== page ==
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In the heart of the West End, there are many quiet pockets, unknown to almost all but taxi drivers who traverse them with expert knowledge, and arrive triumphantly thereby at Park Lane, Berkeley Square, or South Audley Street.
If you turn off on an unpretentious street from the Park, and turn left and right once or twice, you will find yourself in a quiet street with Bertram's Hotel on the right-hand side. Bertram's Hotel has been there a long time. During the war, houses were demolished on the right of it, and a little farther down on the left of it, but Bertram's itself remained unscathed. Naturally it could not escape being, as house agents would say, scratched, bruised, and marked, but by the expenditure of only a reasonable amount of money it was restored to its original condition. By 1955 it looked precisely as it had looked in 1939-dignified, unostentatious, and quietly expensive.
Such was Bertram's, patronized over a long stretch of years by the higher echelons of the clergy, dowager ladies of the aristocracy up from the country, girls on their way home for the holidays from expensive finishing schools. ("So few places where a girl can stay alone in London but of course it is quite all right at Bertram's. We have stayed there for years.")
There had, of course, been many other hotels on the model of Bertram's. Some still existed, but nearly all had felt the wind of change. They had had necessarily to modernize themselves, to cater for a different clientele. Bertram's, too, had had to change, but it had been done so cleverly that it was not at all apparent at the first casual glance.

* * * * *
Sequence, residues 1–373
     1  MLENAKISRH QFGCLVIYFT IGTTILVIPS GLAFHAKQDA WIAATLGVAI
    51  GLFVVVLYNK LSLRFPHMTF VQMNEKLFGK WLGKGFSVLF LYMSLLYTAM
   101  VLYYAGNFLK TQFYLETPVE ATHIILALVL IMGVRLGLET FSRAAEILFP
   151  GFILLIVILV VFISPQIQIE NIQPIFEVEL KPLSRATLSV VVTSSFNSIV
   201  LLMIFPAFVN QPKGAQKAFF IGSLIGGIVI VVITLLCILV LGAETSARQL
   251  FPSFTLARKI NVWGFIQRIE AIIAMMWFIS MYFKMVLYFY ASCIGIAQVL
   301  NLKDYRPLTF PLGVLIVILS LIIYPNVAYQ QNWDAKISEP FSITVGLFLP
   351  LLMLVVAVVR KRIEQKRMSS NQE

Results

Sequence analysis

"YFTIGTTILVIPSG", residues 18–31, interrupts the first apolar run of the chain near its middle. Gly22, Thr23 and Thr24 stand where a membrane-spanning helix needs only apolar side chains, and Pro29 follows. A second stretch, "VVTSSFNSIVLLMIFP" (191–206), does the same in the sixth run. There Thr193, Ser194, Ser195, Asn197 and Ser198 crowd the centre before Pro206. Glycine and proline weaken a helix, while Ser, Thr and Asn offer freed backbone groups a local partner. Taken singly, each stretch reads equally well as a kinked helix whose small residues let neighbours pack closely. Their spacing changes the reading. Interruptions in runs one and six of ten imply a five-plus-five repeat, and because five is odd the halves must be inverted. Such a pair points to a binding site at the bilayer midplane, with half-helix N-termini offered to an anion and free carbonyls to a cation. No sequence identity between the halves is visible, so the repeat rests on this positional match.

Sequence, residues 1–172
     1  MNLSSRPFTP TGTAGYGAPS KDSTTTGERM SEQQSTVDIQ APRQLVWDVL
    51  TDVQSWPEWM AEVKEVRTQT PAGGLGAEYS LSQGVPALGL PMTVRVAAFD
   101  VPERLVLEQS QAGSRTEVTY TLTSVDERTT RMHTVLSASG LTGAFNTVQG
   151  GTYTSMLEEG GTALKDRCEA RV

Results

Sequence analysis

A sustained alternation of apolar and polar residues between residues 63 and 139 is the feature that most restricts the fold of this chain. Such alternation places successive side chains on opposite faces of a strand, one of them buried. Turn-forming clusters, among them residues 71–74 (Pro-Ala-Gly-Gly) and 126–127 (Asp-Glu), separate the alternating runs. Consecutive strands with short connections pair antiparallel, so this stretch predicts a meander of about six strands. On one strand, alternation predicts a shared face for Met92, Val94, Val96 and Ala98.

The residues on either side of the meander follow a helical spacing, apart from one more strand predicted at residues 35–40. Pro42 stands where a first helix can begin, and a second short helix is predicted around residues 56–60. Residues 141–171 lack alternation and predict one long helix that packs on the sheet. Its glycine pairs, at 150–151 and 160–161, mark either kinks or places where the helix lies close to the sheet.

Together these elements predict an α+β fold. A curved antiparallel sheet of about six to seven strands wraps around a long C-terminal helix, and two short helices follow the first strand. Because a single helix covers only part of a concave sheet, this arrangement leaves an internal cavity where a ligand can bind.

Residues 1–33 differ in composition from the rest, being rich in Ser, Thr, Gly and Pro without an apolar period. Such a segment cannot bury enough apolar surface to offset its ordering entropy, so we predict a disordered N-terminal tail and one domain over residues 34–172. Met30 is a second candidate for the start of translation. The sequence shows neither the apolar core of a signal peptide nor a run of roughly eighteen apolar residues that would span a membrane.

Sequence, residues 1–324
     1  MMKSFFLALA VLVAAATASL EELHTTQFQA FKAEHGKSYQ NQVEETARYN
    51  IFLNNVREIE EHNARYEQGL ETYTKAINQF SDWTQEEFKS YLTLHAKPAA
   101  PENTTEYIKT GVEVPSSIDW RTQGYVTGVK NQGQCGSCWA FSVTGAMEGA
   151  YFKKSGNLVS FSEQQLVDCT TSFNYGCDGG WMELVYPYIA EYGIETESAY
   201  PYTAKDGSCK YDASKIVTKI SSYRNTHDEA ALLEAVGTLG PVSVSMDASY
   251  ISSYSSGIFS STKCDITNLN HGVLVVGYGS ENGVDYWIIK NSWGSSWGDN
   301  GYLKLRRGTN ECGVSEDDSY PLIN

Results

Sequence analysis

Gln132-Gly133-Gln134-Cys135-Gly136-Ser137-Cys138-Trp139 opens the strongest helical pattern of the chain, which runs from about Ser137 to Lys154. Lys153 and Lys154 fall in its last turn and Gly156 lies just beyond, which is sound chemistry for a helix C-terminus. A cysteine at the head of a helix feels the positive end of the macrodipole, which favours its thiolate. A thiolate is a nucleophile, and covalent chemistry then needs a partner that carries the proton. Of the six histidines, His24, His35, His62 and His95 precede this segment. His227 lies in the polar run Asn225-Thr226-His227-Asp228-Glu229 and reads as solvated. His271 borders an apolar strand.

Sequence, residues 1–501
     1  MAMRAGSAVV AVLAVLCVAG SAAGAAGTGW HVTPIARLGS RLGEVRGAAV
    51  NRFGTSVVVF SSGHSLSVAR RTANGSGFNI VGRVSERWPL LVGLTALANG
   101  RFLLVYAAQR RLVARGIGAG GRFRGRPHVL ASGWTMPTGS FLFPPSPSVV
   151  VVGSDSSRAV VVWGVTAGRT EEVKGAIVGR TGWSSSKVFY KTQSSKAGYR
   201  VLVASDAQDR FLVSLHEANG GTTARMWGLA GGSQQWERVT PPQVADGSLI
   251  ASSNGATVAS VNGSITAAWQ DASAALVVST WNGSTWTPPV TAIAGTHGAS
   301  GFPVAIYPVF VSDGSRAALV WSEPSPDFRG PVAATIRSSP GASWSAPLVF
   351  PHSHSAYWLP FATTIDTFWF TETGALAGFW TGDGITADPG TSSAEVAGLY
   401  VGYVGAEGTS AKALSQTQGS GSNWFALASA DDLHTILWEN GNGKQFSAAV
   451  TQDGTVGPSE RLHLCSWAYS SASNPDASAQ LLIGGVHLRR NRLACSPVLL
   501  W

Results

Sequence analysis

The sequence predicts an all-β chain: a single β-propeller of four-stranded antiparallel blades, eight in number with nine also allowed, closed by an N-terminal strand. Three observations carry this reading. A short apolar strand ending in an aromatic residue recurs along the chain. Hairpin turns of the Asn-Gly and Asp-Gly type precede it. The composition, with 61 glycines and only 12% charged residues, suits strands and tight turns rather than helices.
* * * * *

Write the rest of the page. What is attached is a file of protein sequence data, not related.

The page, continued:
Outside the steps that led up to the big swing doors stood what at first sight appeared to be no less than a field marshal. Gold braid and medal ribbons adorned a broad and manly chest. His deportment was perfect. He received you with tender concern as you emerged with rheumatic difficulty from a taxi or a car, guided you carefully up the steps and piloted you through the silently swinging doorway.
Inside, if this was the first time you had visited Bertram's, you felt, almost with alarm, that you had reentered a vanished world. Time had gone back. You were in Edwardian England once more.
There was, of course, central heating, but it was not apparent. As there had always been, in the big central lounge, there were two magnificent coal fires; beside them big brass coal scuttles shone in the way they used to shine when Edwardian housemaids polished them, and they were filled with exactly the right-sized lumps of coal. There was a general appearance of rich red velvet and plushy coziness. The armchairs were not of this time and age. They were well above the level of the floor, so that rheumatic old ladies had not to struggle in an undignified manner in order to get to their feet. The seats of the chairs did not, as in so many modern high-priced armchairs, stop halfway between the thigh and the knee, thereby inflicting agony on those suffering from arthritis and sciatica; and they were not all of a pattern. There were straight backs and reclining backs, different widths to accommodate the slender and the obese. People of almost any dimension could find a comfortable chair at Bertram's.
Since it was now the tea hour, the lounge hall was full. Not that the lounge hall was the only place where you could have tea.